Sacrifice and joy

26/08/2011 § 4 Comments

“Why cling to one life till it is soiled and ragged? The sun dies and dies squandering a hundred lives every instant. God has decreed life for you and he will give another and another and another.” Rumi

I promised a friend I would write my next blog on sacrifice, a subject that has been coming up to me more and more these days….

I met a woman recently who a few years ago moved from what we laughingly call civilisation to take over a croft in a far corner of the Isle of Lewis in the Outer Hebrides. Friends of hers asked her how she could give up so much. “Like what?” she asked. The answers that came back were things like TV, Marks & Spencer’s, a cafe latte in the morning. From her perspective the gifts she has gained are far greater than what she has given up, although they might be hard for people embedded in a busy modern life to appreciate. Yes she has to work hard each day, tending animals and growing crops, and earning a supplementary income in the evening over the Internet. Yes the wind blows almost incessantly off the sea, yes she is miles from the nearest supermarket. But she has the satisfaction, joy even, of knowing that most of the food she eats comes from her own efforts on the little piece of land she works. She has a considerable amount of independence from the things that most of us rely on day-to-day, and this brings self-confidence. If she lacks entertainment, she can always go and watch the pigs! Or look at the storms blowing in from the Atlantic.

I am starting to see now how sacrifice can be a path to joy. Most spiritual traditions talk about this but until recently I have never really got it.  I’ve always associated sacrifice with unpleasantness. I think of Jesus sacrificing himself on the cross (something I’ve never been tempted to emulate!). Or I hear parents who claim (usually accusingly) that they’ve made sacrifices for their children, making it clear that they expect something in return.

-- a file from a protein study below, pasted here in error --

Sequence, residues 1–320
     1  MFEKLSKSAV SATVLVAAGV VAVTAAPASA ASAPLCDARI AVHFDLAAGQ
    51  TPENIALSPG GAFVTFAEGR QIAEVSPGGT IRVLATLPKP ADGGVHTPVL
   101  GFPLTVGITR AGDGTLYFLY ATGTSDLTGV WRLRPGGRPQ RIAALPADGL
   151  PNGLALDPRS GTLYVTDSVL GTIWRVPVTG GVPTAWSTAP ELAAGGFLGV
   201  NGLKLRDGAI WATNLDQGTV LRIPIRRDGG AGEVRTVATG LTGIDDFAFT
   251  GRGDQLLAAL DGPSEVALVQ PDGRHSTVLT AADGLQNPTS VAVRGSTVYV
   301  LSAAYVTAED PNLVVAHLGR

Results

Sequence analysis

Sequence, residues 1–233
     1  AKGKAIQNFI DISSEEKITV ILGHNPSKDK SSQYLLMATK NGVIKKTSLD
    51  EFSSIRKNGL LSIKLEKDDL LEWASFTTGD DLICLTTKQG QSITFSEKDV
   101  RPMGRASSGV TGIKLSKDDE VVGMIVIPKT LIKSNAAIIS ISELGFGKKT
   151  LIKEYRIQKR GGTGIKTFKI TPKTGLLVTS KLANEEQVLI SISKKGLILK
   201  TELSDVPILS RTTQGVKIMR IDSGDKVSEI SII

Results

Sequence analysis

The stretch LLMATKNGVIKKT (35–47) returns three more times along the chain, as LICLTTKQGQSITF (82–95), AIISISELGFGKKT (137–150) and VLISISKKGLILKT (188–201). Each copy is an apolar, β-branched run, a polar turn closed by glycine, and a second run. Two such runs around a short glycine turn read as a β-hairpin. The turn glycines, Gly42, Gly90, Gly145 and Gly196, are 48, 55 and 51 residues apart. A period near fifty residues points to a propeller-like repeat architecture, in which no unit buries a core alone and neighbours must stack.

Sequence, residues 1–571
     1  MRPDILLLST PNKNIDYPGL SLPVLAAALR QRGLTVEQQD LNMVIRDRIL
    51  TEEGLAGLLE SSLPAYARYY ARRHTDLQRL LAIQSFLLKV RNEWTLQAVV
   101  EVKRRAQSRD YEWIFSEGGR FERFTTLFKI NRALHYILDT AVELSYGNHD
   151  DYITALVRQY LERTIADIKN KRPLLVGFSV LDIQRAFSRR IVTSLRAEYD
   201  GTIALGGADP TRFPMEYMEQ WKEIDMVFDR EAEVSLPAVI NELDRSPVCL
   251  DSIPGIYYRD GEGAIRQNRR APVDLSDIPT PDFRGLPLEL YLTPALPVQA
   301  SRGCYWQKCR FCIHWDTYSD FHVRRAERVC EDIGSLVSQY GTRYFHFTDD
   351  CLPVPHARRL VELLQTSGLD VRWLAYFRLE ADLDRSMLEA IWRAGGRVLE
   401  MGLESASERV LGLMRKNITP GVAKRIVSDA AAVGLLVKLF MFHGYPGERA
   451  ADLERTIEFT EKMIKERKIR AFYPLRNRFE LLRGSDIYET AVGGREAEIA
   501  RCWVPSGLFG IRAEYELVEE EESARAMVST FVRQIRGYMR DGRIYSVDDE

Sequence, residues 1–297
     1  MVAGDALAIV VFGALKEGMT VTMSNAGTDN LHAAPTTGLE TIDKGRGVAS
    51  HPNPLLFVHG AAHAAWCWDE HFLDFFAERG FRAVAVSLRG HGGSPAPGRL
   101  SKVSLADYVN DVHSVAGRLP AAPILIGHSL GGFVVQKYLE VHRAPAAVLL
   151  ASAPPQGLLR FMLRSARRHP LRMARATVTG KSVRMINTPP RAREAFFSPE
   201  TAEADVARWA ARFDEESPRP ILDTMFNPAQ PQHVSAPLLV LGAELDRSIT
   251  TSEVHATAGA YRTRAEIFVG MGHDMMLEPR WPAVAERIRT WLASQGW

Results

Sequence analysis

I can see now that this completely misses the point. Sacrifice should be a joyful and liberating act – if it is not, it’s not true sacrifice. A mother sacrifices her career, her slim body, her sanity (!) for her child and she does it willingly, joyfully even, in return for the multiple rewards and trials and tribulations of motherhood.  The father sacrifices his desire for an easy, unattached life and works hard each day to provide for his family.  The entrepreneur sacrifices the comfort and security of a steady corporate job to follow her dream and create a life that she can live with passion. The caterpillar sacrifices its physical form and turns into a butterfly.

I have been reflecting on this a lot recently because of where I find myself – savings almost run out, income low and sporadic.   The obvious choice for me would be to try to turn back the clock and get a job as a corporate lawyer. This is the direction my family are pushing me in. By not even attempting to follow this path, I’ve even been accused of “sacrificing my family’s financial security on the altar of my principles.” Yet the only meaningful thing for me to do is to look forward and create a new path of my own. This is a joyful act. Yet it does require sacrifice. I am sacrificing the need to have my family’s approval of my career path. I am sacrificing the comfort of following the safe road and instead embracing the discomfort of following a road less travelled. I am sacrificing my own self-image as someone who conforms, for a more interesting, but less familiar image as a powerful person who can create their own future. Scary stuff indeed!

Yet the thing about sacrifice is that it is always scary. So it always takes courage, yet it always offers a pay-off of some kind. I am definitely feeling a deep sense of gratitude and of receiving energy from the universe.

And it’s joyful. That doesn’t mean it is guaranteed to lead to a happier life. I see happiness as a temporary thing, inevitably at some stage to be counterbalanced by sadness. But such a path holds the promise of a life lived more truly, madly, deeply. And how can the lure of a comfortable, steady job possibly compete with that?

Sacrifice and joy. Apparently strange bedfellows. But ultimately the same thing…

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